Business Standard

Looking for the great Indian novel



Nilanjana S Roy New Delhi
Try this with your friends when you're playing party games sometime. Ask them to name the twenty greatest European novelists, in no particular order.
These are some of the names that might come up: Miguel de Cervantes (Don Quixote), Milan Kundera (The Unbearable Lightness of Being), Jaroslav Hasek (The Good Soldier Svejk), Alexander Solzhenitsyn (The Gulag Archipelago), Fyodor Dostoevsky (Crime and Punishment) and a slew of other Russians. Some will name Sandor Marai (Embers), many will name Gunter Grass (The Tin Drum), or Ismail Kadare (The General of the Dead Army), or Orhan Pamuk (Snow). Some might reach further back into memory and stake a claim for writers like Victor Hugo (Les Miserables) or Stendhal (The Charterhouse of Parma) or Marcel Proust (In Search of Lost Time).
With the exception of writers from England, Ireland, Scotland and Wales, few of those on the list of great European writers will have had English as their first language. And yet, few readers will have not encountered Kundera or Camus, Tolstoy or Maupassant.
Kundera and Hasek are Czech writers, Marai is Hungarian, Kadare Albanian, Grass German, Cervantes Spanish, Hugo and Maupassant French. Except for the few of us who read across four or five European languages, most of us will have read their works in English. Ask any European, and she will tell you that all these languages have distinct and separate traditions: a Russian writer inhabits a different landscape from a Spanish writer, a Hungarian writer will not necessarily share the same sense of history as his Italian counterpart. But few would question the category of the European novel.
Now ask your friends to name the twenty greatest Indian novelists of the last two centuries. I tried this a few weeks ago with a group of people who were in general both far brighter and far better-read than me. All of us could name the small but growing pantheon of those who write in English, from Mulk Raj Anand to Kamala Markandeya, Nayantara Sahgal to Salman Rushdie, Pankaj Mishra to Amitav Ghosh. After that, the lists divided sharply on regional lines. Few of us could do more than name a handful of great names who wrote outside the comfort zone of the languages we were born to and spoke at home.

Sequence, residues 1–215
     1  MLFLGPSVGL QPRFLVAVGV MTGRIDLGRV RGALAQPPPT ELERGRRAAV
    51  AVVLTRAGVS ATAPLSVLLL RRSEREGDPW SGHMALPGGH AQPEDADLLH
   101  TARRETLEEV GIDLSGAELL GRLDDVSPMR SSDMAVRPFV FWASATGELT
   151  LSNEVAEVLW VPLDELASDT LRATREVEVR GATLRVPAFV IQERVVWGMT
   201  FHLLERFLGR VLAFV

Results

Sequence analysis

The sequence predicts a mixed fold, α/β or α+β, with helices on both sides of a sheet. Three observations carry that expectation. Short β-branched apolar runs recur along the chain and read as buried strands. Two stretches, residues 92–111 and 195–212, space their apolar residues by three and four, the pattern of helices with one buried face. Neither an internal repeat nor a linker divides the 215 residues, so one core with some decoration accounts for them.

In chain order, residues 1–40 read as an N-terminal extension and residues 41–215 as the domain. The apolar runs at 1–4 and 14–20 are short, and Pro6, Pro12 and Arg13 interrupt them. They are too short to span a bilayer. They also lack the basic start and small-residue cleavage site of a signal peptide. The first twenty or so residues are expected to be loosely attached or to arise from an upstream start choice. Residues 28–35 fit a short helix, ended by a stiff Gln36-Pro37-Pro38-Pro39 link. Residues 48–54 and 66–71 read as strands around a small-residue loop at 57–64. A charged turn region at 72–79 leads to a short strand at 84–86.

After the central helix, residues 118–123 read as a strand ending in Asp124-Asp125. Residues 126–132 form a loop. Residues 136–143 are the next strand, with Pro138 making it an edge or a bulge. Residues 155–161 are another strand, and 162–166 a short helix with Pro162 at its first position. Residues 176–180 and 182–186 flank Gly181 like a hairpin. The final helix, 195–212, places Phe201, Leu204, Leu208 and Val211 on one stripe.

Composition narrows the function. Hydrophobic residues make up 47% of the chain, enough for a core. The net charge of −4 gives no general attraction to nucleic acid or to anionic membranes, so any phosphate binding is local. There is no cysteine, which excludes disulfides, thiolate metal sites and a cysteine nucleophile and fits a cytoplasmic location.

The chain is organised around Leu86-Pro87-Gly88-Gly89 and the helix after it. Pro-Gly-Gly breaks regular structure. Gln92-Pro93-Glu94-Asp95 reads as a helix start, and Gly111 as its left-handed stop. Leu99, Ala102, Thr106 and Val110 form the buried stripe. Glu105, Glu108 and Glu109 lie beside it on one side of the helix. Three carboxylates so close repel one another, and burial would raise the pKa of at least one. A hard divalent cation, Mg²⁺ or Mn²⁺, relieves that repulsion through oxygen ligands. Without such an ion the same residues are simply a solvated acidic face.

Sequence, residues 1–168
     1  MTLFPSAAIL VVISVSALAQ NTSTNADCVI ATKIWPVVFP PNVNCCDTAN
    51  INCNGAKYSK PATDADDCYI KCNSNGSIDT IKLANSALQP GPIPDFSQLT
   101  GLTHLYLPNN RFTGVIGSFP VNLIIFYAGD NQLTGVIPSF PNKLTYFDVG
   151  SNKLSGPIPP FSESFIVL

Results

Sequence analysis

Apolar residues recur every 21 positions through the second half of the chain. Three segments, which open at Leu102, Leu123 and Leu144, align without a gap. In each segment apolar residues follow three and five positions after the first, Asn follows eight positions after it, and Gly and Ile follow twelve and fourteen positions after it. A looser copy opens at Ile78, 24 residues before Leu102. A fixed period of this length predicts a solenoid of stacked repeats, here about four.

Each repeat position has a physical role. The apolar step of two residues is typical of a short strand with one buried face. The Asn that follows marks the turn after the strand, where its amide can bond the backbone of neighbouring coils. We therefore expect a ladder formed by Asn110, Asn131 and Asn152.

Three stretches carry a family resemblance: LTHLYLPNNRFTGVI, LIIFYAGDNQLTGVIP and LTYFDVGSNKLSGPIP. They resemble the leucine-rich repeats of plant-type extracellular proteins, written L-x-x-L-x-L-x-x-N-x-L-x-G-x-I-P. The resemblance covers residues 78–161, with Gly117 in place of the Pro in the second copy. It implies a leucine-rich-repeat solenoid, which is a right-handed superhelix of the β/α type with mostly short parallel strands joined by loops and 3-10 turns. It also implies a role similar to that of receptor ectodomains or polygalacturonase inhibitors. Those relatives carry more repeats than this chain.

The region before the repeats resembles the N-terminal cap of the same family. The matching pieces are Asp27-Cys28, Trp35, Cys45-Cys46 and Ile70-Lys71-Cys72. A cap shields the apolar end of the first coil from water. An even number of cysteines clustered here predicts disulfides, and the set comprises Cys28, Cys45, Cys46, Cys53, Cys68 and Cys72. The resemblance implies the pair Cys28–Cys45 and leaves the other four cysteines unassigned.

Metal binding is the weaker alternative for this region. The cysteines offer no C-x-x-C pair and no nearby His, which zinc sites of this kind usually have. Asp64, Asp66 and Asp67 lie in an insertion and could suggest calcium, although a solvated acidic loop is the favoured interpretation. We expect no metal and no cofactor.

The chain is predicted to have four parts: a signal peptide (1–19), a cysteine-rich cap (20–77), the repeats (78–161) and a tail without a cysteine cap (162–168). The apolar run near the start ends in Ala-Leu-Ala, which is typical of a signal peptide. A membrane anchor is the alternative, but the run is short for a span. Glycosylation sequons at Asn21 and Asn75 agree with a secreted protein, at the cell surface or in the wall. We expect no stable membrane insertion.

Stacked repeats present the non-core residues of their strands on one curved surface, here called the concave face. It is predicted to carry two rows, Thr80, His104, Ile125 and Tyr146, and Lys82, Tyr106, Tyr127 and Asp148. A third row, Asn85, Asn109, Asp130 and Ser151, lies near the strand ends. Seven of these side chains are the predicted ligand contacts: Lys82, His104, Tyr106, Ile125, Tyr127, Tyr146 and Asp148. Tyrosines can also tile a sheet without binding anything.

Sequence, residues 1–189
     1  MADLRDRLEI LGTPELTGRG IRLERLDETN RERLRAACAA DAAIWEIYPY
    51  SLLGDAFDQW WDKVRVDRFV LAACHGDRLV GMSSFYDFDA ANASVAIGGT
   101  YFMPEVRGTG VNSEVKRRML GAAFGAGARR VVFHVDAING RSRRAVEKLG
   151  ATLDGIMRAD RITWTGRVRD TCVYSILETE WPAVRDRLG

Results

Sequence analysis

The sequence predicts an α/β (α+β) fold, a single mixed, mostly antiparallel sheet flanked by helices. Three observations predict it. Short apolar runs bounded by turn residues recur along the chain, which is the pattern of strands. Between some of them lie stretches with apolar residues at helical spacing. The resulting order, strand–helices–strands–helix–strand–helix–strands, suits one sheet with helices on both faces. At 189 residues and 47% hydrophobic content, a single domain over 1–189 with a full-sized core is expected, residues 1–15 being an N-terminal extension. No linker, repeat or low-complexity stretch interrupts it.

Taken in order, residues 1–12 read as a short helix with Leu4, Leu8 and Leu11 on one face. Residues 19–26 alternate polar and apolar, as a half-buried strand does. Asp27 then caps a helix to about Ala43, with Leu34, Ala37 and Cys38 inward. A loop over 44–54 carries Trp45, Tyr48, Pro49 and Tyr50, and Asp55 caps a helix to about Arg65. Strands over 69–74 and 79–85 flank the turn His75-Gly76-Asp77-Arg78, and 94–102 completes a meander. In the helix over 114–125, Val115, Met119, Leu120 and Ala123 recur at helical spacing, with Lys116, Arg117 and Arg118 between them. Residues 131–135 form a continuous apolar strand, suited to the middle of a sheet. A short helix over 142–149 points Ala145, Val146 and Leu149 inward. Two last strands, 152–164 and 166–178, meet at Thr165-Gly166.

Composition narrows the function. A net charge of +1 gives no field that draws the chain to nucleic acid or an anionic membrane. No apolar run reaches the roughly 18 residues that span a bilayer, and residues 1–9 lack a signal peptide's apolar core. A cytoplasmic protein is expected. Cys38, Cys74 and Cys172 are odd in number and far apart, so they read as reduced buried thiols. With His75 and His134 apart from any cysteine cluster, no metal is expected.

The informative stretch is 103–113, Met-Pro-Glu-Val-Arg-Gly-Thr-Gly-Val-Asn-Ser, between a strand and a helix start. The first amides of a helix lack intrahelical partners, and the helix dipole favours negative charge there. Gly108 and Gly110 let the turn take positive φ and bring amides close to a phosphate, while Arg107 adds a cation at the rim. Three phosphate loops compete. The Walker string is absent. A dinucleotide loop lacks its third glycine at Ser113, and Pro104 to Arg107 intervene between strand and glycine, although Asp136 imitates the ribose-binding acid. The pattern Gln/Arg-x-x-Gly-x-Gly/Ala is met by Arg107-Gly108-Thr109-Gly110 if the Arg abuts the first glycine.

Collectively, we came up with a respectable list. To quote it in full would be tedious, but this might give you a rough sense of the size and capacity of the category we call Indian literature. It would include Saadat Hasan Manto's short stories, the novels of Rabindranath Tagore and Sharatchandra, plays by Girish Karnad and Vijay Tendulkar, stories by Ismat Chugtai, Qurrutulain Haider's Aag ki Dariya, novels by C V Raman Pillai and short stories by Vaikom Mohammad Basheer, Srilal Shukla's Raag Darbari, Rahi Masoom Raza's A Village Dividied, Premchand's entire oeuvre, Mahasweta Debi's selected short stories, Ashapurna Debi's work, U R Ananthamurthy's writings. As you can see, this is by no means exhaustive or even more than mildly indicative, but even this brief list compares with the best of European writing.
What became sharply clear to me was the "iceberg" quality of Indian literature. Even the best-read and most inquiring among us were constrained by language, and the availability of books in translation into English or other Indian languages. What I see of Marathi literature, for instance, is just the tip of the iceberg; what a Kannada author saw of Bengali literature was only a small sample of what has been published.
Canvassing bookstores over the next few weeks, I discovered that Indian literature in English translation can be very hard to find. Srilal Shukla's classic Raag Darbari, a satire that should be on the required reading list of every politician and voter in the country, was unavailable in several bookstores, though I hear that a new translation will be out soon. U R Ananthamurthy's Samskara was available in a few bookstores, but a friend who has read the original says that the translation is clunky, ungraceful and inadequate. There are some good translations out there, but they aren't easy to find.
At the end of a fortnight, I had only six books on the list of the thirty essential Indian classics I'd compiled for a friend who is new to India and speaks none of the major Indian languages. All I could do was reiterate that the great Indian novel, like the great European novel, does exist. It's just a far more elusive beast to corral. The author works as chief editor, EastWest/ Westland Books. The views expressed are personal

Disclaimer: These are personal views of the writer. They do not necessarily reflect the opinion of or the Business Standard newspaper

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First Published: May 29 2007 | 12:00 AM IST

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